While there are lots of elements to sounding natural in English, I’m going to talk about 4 things that I think are key elements that you need to work on and master. These 4 elements of how to get natural English, focus on suprasegmental elements of English. That is stress, rhythm and intonation.
1) Natural English- Right Syllable Stress in words
Because English is a stress timed language, getting the stress patterns right in longer multisyllabic words is really important to sound natural. You need to 1) attune your ear to hear which syllables in a word are stressed, and which de-stressed. In the de-stressed syllables the schwa vowel replaces the written vowel. 2) practise saying the word with the correct stress patterns. Often that means learning to use the schwa vowel in the de-stressed syllable. For example, it isn’t Around /eɪraʊnd/ , but around /əˈraʊnd/. The ‘a’ becomes de-stressed .
You can find more in depth training on this here.
2) Natural English- Right Word Stress in Sentences
Again because English is a stress timed language, to speak with natural English, you need to learn to mimic the prosody (pattern of stress and intonation), of English in sentences. In this case, this means stressing the words carrying the main meaning in a sentence, and often de-stressing the vowel in the words that are unimportant to the meaning.
For example, in the sentence ‘I was walking to the kitchen with a heavy bag of vegetables.
The words carrying the main meaning are: I, walking, kitchen, with, heavy, bag, vegetables. These words are emphasised.
The unstressed words in the sentence are: was, to, the, a, of. These words become un-stressed by replacing the vowel with the de-stressed vowel, the schwa sound /ə/. So we say wəs, tə, thə, ə, əf. Listen to how I say the sentence and use the schwa vowel in the audio below.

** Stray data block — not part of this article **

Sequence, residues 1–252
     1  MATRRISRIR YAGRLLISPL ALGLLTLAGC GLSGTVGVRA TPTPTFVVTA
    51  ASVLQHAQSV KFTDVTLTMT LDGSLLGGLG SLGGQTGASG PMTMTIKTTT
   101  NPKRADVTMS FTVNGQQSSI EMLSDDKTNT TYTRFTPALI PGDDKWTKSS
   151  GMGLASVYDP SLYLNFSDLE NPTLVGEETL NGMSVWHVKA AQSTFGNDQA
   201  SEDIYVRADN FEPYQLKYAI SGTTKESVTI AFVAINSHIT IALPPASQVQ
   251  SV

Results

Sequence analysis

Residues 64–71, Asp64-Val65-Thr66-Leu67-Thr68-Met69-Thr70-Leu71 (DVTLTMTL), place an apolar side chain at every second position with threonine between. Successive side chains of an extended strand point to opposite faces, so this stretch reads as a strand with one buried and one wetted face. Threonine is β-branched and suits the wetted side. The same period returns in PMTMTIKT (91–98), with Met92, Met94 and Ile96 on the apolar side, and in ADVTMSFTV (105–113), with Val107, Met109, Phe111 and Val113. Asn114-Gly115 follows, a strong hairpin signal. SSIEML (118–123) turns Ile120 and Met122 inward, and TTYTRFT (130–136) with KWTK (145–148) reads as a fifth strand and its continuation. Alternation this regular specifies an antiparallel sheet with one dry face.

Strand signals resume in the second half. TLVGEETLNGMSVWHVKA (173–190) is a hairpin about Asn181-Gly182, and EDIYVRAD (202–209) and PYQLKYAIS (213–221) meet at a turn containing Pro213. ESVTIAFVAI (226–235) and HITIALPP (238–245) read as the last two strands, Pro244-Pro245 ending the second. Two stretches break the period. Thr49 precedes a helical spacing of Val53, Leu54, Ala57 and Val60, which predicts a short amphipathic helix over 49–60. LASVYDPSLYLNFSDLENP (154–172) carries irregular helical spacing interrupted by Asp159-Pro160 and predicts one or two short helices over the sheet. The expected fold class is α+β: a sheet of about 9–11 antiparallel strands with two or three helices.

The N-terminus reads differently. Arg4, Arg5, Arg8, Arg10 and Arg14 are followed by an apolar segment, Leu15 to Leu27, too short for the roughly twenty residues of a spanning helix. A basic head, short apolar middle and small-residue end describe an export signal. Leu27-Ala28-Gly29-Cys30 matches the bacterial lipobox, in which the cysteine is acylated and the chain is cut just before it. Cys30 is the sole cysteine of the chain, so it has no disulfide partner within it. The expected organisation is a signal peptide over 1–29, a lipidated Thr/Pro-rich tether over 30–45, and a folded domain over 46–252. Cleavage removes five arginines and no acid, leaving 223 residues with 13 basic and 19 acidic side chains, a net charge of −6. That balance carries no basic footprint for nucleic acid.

3) Natural English- Linking and Elision
This is another important element to sound natural in English.
We don’t say ‘It is a brown cup’. We link, and say “it’sa brown cup” It’s like ‘it’s’ and ‘a’ become one longer joined up word. Your English flows and sounds natural when you do this. Another example is ” Can I come?” Becomes ” CanI come?” ” I want a cookie.” Becomes, ” I wanta cookie.” etc
Have a look at this link here for more training in this.
4) Natural English- Mimic English Intonation
Literally listen to and mimic the melody of native English speakers or to our trainer in our courses.
Mimic so that where they go up in pitch, you go up in pitch, and where they go down in pitch, you go down in pitch. Also mimic how the speaker groups or phrases the words together in a sentence. You need to work on the melody and phrasing of English and attune your ear to hear it.
You can use the sentences in our training courses, and you can also use poetry and mimic the rhythm and stress and melody patterns. You can find poems being read online if you look up English audio poems. Just make sure it’s the English accent you want. I’ve also put 2 poems in the audio below.
Dance with the waves, move with the sea.
Let the rhythm of the water.
Best wishes, Esther